When typing in short hand assembled machine code (not assembly language!) into a single board computer (like the Sintel SBC-85, which was popular in Israel and featured an Intel 8085), it was customary to keep your patch space inside your code, by inserting NOPs every 10 or 20 instructions.
The only way of editing a program you'd keyed into memory was to overwrite memory locations. The monitor had no insert, partially due to difficulty of implementation, but mostly because inserting makes no sense inside machine code. After you insert, all jumps (and some branches) need to be adjusted; a simple scan of memory cannot do the trick, as it has no way of distinguishing code from data (and generally that distinction does not exist).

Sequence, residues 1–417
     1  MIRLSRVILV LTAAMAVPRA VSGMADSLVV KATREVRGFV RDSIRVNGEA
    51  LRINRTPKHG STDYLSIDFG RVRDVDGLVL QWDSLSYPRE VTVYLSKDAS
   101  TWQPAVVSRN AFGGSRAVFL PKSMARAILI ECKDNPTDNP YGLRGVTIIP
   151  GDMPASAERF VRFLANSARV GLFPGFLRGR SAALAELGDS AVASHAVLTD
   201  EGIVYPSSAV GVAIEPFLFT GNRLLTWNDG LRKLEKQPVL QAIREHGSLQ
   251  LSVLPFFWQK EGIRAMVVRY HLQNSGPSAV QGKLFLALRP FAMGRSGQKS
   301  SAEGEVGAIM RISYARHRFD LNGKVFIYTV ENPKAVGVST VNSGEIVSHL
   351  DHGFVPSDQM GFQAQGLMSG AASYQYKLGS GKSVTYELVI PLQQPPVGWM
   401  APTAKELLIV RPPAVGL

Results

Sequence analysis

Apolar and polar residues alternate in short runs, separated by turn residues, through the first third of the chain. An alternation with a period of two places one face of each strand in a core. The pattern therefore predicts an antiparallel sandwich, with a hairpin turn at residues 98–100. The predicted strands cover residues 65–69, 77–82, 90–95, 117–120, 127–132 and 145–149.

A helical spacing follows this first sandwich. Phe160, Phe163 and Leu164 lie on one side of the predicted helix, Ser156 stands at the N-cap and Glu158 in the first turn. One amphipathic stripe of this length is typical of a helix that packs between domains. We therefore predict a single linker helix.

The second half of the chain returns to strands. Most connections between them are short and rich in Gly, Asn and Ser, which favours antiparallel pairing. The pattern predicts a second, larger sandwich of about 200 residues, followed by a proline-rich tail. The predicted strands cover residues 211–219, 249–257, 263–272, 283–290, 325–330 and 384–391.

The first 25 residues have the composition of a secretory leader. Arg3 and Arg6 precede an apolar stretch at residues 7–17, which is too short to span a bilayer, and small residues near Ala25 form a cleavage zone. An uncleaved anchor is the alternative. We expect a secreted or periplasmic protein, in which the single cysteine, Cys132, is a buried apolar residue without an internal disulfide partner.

Instead, you'd overwrite your old code with your new code. If the new code was longer than the old code, hopefully you'd still fit into the next block of NOPs and save lots of keying. If the new code was shorter, things were even easier -- just pad the remainder with NOPs.